Title, Synopsis and Publications Investigators and Collaborators
Modifiable lifestyle behaviour differences between women who do shift work and those who do not
Circadian misalignment can influence metabolism of nutrients. Therefore, shift-workers have a higher prevalence of metabolic diseases. Women working shift work are also more susceptible to sleep disruption and metabolic outcomes associated with shiftwork. However, it is unclear if this is simply due to biological responses to shift-work, or whether there are behavioural risk factors associated with shift work. This study will aim to investigate the following: i) Do women working shift work have higher prevalence of metabolic outcomes (BMI and recently diagnosed non-insulin dependent T2DM, hypertension and heart disease) compared to those not working shift work?ii) Do women working shift work have poorer lifestyle behaviours compared to those not working shift work?iii) Do lifestyle behaviours mediate the relationship of metabolic outcomes (BMI and recently diagnosed non-insulin dependent T2DM, hypertension and heart disease) in women working shiftwork?Hiv) Does menopausal status influence the risk of lifestyle behaviours and metabolic outcomes (BMI and recently diagnosed non-insulin dependent T2DM, hypertension and heart disease) in women working shift work?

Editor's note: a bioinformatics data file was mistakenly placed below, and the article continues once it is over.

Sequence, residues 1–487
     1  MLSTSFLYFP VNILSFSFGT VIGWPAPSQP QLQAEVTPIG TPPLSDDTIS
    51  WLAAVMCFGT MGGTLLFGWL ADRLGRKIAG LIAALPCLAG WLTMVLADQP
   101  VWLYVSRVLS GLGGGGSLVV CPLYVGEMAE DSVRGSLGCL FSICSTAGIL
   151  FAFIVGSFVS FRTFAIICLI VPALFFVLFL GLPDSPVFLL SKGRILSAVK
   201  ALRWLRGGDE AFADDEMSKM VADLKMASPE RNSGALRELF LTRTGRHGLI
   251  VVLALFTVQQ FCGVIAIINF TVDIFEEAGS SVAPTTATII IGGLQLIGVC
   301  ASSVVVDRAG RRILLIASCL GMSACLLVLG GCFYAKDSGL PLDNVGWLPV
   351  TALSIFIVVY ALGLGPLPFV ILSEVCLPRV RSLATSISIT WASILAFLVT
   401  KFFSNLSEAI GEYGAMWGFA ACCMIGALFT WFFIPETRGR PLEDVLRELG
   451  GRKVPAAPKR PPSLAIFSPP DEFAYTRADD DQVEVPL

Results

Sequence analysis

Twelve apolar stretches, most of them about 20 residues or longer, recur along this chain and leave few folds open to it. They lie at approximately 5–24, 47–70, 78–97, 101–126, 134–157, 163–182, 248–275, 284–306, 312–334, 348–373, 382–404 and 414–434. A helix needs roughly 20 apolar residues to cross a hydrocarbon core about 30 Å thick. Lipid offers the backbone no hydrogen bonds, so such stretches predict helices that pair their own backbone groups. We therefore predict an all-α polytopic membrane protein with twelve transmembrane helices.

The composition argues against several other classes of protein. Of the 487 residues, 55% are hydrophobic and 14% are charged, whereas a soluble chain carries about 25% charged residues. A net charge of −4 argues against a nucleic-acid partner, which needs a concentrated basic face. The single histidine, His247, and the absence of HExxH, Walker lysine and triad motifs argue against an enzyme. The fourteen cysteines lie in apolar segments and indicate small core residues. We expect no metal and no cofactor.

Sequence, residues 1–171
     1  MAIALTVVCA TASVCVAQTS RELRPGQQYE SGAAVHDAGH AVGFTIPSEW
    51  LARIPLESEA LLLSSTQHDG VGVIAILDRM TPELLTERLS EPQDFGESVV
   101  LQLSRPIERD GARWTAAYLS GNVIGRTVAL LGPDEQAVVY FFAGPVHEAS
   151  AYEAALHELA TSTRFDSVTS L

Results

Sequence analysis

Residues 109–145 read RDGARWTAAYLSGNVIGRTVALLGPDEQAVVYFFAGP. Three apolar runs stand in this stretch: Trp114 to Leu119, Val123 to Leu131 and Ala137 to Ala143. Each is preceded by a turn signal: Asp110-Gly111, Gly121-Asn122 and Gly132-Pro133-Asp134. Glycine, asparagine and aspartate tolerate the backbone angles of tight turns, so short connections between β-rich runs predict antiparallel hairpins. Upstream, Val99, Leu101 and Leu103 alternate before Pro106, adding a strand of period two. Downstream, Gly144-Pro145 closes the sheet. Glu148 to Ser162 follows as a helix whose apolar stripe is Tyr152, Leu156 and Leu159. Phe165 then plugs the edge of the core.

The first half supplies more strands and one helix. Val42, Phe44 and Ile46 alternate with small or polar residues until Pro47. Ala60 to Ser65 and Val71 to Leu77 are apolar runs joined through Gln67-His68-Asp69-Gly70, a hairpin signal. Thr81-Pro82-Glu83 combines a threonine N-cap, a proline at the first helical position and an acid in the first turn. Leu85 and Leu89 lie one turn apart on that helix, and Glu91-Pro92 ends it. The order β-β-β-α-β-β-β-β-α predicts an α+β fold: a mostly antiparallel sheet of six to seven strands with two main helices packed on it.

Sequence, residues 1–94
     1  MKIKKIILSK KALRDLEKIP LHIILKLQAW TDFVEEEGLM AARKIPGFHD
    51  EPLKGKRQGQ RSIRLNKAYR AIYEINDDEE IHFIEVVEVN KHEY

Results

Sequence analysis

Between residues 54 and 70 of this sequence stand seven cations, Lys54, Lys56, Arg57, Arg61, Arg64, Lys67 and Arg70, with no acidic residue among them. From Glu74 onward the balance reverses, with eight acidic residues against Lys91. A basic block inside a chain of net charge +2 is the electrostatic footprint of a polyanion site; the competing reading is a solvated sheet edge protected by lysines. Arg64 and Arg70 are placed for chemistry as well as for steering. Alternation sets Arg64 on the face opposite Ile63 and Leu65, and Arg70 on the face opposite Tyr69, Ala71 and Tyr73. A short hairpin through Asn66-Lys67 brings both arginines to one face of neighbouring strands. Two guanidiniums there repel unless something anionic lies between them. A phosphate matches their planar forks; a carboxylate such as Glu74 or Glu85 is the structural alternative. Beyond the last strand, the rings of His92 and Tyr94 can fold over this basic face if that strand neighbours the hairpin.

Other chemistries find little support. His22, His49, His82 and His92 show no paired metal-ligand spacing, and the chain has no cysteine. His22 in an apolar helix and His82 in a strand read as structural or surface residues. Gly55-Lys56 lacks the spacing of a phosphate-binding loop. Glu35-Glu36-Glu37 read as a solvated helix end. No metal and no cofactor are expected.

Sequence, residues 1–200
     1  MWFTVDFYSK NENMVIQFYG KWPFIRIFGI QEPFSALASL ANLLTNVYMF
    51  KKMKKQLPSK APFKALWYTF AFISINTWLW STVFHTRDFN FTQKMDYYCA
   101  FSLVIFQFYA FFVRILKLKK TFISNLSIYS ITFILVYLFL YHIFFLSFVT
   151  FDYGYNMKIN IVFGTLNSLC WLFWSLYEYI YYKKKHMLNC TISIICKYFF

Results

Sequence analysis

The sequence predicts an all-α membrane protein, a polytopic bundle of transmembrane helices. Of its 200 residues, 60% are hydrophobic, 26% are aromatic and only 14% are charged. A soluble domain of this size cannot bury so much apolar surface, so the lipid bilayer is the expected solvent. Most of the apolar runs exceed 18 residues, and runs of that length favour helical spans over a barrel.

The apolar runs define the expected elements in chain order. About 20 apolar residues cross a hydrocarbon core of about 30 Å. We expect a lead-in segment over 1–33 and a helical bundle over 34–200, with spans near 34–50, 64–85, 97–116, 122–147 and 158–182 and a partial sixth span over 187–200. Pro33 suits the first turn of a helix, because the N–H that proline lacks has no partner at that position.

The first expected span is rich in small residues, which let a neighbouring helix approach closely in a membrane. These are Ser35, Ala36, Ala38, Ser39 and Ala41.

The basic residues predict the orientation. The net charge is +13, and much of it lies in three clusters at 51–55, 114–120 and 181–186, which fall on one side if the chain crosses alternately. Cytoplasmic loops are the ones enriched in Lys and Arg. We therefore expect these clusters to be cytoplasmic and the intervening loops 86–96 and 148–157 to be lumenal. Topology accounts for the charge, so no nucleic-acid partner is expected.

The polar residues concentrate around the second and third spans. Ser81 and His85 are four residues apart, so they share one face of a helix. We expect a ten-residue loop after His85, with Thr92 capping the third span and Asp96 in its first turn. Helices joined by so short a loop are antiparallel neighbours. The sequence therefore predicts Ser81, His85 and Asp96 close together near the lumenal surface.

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Prof Gita Mishra
Ms Christie Bennett
Dr Parisa Vidafar
A/Prof Clare Anderson
Dr Andrew Phillips
Dr Michelle Blumfield
A/Prof Allison Hodge
Dr Sean Cain
Dr Ari Shechter